Life deals us some tough hands to play from time to time. Certainly this can be true while your child is at private school. Certain questions always seem to present themselves unexpectedly at the worst possible time. But life is like that, isn't it? The old, comfortable, and very predictable playbook which you and I used to follow thirty or forty years ago has gone by the boards. Here then are some answers and some resources to help you deal with these tough questions and situations.
My kid has been expelled?
Being notified that your child has been expelled is serious. The timing will inevitably be very awkward. You literally will have to stop whatever you are doing and deal with this crisis. For a crisis this event most assuredly is. The mere fact that your child broke the kind of rules and did something which warranted his expulsion means that you need to get to the bottom of the situation. Why did he do this? Counseling will probably be required. Both for him and for you. What legal recourse do you have? Probably not much. After all, the contract which you and the school signed spells out the consequences for infractions of the code of conduct which guides students' lives at school.
Finding a new school won't be easy, but is doable if you hire an educational consultant to make it happen. If you do it on your own, you will spend countless hours calling and explaining your situation. It makes
I can just hear you thinking "He's got to be kidding. After spending inordinate amounts of my valuable time and resources getting my child into private school, the school can decide it doesn't want her back next year?"
Yes, the school can do that. Sad. But true. Read the contract which you signed with the school when your daughter was first accepted. It very clearly spells out the rights each party to the contract has. One of those clauses states that the school does not have to renew its contract with you automatically. Most contracts have finite terms which are normally for one academic year.
How do you avoid the school sending a non-renewal notice? You make sure that the following are in order:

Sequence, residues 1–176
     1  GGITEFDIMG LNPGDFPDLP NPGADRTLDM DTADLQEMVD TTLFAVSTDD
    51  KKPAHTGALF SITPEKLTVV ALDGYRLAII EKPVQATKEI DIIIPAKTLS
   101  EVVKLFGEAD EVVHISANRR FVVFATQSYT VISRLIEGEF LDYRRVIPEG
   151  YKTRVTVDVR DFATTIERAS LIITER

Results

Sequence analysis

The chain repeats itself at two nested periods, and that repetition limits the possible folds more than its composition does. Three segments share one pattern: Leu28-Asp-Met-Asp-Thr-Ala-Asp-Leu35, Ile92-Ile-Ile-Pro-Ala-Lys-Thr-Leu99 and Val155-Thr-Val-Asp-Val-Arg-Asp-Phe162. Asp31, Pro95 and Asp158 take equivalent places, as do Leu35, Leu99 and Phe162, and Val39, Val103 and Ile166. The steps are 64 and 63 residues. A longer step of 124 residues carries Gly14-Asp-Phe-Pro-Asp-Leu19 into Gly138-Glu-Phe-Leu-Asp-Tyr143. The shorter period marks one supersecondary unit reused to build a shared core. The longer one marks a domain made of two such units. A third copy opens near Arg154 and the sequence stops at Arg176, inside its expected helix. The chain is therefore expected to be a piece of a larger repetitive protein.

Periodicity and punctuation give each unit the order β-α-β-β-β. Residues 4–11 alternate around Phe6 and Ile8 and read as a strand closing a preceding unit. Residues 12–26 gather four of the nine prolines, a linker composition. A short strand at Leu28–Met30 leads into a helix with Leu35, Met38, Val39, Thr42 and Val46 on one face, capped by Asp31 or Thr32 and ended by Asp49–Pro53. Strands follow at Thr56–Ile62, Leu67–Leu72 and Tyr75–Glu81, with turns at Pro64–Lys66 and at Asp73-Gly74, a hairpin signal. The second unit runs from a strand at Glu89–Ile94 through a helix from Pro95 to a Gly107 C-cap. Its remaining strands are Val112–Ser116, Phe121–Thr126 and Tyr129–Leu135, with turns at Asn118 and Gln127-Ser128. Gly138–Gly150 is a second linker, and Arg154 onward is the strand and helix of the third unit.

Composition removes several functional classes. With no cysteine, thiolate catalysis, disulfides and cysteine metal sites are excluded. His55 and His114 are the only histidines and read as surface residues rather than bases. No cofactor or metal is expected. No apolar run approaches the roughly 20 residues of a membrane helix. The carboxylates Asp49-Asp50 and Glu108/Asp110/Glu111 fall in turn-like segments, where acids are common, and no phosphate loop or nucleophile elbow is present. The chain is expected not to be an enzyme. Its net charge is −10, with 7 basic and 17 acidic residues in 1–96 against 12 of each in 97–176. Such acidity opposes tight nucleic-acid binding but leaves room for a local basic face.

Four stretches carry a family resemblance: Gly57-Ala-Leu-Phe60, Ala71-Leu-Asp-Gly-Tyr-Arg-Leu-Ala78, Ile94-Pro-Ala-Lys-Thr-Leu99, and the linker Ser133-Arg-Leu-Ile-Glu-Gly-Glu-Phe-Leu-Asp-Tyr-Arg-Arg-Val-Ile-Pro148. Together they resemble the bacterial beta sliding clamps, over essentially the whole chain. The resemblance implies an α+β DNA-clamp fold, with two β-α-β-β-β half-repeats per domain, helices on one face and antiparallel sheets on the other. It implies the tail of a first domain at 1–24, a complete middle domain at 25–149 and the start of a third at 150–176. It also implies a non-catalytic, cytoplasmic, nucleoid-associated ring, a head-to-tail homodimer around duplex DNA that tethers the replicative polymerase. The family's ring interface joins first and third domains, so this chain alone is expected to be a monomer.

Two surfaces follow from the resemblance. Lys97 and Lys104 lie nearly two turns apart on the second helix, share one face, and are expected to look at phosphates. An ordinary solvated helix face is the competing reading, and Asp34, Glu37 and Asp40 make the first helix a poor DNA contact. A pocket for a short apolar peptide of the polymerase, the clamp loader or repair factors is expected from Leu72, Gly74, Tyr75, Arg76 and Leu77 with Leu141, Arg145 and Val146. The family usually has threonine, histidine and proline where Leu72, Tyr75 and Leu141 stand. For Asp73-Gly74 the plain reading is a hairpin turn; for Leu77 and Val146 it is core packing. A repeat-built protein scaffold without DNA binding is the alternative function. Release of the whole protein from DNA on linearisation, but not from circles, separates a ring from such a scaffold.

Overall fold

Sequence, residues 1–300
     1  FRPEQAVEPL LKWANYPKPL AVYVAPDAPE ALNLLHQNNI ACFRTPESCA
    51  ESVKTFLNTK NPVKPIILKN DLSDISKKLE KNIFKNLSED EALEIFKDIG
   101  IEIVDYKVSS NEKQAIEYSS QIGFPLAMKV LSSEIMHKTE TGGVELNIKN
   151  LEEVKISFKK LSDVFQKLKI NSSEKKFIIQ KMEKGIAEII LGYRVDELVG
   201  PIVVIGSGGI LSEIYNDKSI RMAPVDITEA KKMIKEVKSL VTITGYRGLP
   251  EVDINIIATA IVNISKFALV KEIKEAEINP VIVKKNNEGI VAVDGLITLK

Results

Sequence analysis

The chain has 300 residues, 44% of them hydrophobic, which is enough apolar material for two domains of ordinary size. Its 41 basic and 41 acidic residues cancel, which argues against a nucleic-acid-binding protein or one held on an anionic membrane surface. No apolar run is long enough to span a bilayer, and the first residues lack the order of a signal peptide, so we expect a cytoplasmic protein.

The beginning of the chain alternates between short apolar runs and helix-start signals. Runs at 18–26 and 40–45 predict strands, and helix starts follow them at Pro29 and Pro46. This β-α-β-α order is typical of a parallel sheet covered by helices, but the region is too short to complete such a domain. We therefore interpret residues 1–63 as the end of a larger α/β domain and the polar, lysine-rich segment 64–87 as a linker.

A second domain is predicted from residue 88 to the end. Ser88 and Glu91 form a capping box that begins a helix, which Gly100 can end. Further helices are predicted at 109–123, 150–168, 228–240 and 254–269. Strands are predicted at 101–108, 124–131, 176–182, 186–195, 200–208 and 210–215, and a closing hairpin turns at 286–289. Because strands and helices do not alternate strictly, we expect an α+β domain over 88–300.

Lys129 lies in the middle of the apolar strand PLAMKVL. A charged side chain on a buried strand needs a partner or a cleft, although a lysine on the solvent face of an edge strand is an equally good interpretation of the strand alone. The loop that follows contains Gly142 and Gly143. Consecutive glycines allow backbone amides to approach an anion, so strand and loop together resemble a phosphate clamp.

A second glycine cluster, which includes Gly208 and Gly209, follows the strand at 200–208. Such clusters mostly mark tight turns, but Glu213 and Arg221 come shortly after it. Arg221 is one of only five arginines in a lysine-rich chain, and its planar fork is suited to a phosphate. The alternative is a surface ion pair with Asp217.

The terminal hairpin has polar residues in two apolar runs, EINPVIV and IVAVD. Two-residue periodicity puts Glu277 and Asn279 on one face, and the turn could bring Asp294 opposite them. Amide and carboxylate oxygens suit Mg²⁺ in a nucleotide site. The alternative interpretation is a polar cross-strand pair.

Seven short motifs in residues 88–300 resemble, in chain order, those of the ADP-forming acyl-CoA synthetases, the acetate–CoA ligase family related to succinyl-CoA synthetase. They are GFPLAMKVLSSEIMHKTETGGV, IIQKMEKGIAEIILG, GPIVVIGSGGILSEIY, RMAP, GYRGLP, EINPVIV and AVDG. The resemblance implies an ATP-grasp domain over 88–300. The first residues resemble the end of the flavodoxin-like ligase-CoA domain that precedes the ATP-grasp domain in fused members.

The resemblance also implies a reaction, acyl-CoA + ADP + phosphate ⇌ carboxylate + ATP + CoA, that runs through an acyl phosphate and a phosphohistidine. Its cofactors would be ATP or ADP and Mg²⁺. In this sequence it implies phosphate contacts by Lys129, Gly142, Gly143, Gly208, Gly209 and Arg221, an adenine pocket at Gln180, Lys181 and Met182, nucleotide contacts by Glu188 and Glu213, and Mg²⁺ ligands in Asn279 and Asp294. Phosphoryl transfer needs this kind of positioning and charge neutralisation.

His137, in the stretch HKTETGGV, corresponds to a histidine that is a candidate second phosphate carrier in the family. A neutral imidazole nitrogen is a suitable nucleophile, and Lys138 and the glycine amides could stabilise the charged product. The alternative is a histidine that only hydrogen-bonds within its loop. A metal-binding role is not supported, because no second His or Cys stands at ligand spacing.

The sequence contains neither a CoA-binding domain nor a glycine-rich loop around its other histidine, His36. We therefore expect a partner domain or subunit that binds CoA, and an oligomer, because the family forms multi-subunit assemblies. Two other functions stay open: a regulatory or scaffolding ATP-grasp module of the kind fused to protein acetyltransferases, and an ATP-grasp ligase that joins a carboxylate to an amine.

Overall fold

1. Acceptable academic progress
While it would be nice if your child could be first in every subject she takes, that is asking a bit too much. But you definitely want to keep her in the top third. If the school recommends extra help or even tutoring, don't fight that recommendation. Calculus may have been a breeze for you. But if she is struggling with it, be ahead of the curve. Accept the help offered.
All they really want is to see are her best efforts and maximum cooperation in achieving good results. There's a larger lesson that the school is trying to teach here as well. And that is to not flinch at life's challenges. Life is full of seemingly impossible challenges and situations.
RK. Does sending your teens off to private school help protect them from drinking and other forms of substance abuse? Your reasons?
CS. No, I do not think sending your teens to a private school is going to protect them from the dangers of drinking and other forms of abuse. Teens are teens and just because they are in a private school, they will still be exposed to everything that is available to them in the public schools. In some cases it is said that private school teens come from families with money and could more easily purchase bad things. This is a personal opinion.
RK. Cindy, I agree that teens are teens. Whether they go to private or public school, they will be exposed to all sorts of opportunities to drink. The difference, however, with private school is that if they are caught, the consequences will be serious and swift. I know of an instance at one of my daughters' schools where a couple of seniors decided to sneak a drink on campus a few days before graduation. They were caught and were not permitted to attend graduation.
RK. Let's look at another serious issue. Suicide is one of the leading causes of death
Most private schools have an Acceptable Use Policy in place governing the use of technology. That means that students in private schools must follow their school's guidelines and directives when it comes to using personal technology. Personal technology includes devices such as laptops, desktop computers, tablets, smartphones. What is somewhat perplexing to many mature teachers is that none of these devices were in common use ten years ago. The reality is that young people have all some or all of these devices and use them naturally, freely and without much thought. Using technology is second nature to students these days.
As a rule, there are limits on these devices and their use in private schools. Let's look at five things you are not supposed to do with personal technology. Breaking the rules in your school could land you in a heap of trouble, including expulsion. If you are a parent, review her school's personal technology use policy. Then discuss the policy with your child. Help her understand the rules, the limits and the reasons why the school has a technology policy. Remind her further that she has no rights in a private school. So if the school disciplines her for an infraction, there is very little or no recourse. That is because private school students are covered by contract law. The rights and privileges are spelled out in detail in the contract which you signed with the school. She does not have constitutional rights per se. The contract is a